About a month ago, we at The Dartmouth Review posted an article on the divisive and iniquitous nature of affirmative action (see Affirmative Action Promotes Inequality). In it, we argued that affirmative action is and will always be a failed doctrine for one simple reason; it is simply an immense self-contradiction. By institutionalizing inequality in academia, the workforce, and society at large, liberals have birthed a system that enables the government to assign privilege to certain groups based on race and race alone. Inherent in this designation is a dichotomy that perpetuates racial self-consciousness and tension by elevating the interests of some over those of others. As result, we concluded that instead of promoting equality, affirmative action actually begets a “heighened sense of race consciousness” that prohibits progress and undermines the program’s original intent.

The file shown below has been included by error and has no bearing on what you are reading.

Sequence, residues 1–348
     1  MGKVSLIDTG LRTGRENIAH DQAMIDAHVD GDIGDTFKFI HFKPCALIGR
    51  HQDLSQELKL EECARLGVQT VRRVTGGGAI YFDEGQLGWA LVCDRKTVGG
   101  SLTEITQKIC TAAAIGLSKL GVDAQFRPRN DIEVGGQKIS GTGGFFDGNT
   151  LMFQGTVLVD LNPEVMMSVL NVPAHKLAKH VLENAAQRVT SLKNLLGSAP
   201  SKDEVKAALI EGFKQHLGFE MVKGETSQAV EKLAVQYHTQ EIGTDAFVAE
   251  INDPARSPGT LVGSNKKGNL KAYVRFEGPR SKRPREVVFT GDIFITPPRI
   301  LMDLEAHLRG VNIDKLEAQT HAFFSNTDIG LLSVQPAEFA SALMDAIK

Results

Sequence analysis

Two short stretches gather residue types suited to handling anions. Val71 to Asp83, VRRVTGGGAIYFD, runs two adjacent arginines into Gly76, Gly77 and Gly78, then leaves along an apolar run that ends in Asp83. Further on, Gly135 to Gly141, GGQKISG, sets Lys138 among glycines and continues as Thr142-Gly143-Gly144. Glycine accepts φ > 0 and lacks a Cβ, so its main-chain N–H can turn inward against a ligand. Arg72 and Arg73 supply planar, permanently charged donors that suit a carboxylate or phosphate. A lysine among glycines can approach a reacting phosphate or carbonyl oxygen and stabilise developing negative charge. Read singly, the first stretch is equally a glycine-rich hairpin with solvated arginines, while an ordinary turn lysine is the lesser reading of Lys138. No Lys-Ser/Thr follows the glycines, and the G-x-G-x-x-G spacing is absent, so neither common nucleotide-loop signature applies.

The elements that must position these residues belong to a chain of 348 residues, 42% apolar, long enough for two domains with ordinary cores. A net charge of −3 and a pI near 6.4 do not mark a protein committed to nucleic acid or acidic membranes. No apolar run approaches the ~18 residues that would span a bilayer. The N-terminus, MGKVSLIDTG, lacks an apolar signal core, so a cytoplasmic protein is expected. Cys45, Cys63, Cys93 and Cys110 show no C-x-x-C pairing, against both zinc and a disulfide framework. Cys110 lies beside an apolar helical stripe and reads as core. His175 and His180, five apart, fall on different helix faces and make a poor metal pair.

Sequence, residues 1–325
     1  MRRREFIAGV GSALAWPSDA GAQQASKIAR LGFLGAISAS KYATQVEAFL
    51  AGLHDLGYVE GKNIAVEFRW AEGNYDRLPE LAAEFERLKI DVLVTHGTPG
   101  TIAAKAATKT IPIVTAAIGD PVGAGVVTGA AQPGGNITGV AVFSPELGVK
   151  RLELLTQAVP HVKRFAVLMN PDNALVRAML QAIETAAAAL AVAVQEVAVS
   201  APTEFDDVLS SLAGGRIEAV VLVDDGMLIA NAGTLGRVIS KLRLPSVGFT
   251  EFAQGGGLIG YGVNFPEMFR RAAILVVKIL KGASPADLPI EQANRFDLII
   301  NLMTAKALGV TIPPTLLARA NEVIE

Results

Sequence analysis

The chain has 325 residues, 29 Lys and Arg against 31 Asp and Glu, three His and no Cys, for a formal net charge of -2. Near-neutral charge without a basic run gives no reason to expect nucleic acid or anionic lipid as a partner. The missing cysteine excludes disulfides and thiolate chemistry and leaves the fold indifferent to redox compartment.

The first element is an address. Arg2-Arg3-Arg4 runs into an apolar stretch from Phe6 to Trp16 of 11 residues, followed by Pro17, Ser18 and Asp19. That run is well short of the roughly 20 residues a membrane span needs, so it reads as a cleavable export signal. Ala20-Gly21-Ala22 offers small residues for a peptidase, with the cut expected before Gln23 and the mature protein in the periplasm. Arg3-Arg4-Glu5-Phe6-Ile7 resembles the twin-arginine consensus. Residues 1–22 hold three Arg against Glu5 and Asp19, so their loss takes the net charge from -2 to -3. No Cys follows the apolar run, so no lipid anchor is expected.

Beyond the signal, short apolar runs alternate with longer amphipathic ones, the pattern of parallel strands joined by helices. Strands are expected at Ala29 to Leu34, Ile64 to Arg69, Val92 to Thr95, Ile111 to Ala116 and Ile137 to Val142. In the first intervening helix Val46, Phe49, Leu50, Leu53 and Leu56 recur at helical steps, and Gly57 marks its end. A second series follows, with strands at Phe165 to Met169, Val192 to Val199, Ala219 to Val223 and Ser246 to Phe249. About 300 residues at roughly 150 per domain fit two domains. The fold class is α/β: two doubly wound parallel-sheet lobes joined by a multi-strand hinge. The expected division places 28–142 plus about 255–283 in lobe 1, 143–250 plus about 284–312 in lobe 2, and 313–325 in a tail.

Apparently, no one at The Dartmouth bothers to check our website, for earlier week Kevin Francfort wrote an article much to the same effect. Entitled “Rethinking Diversity,” it makes a strong case for the need to drop considerations of race within admissions, arguing instead that diversity of opinion is much more important than diversity of skin color. No surprise there, but where the piece was most insightful was in its accompanying comments page. There, a Hannah Giorgis wrote: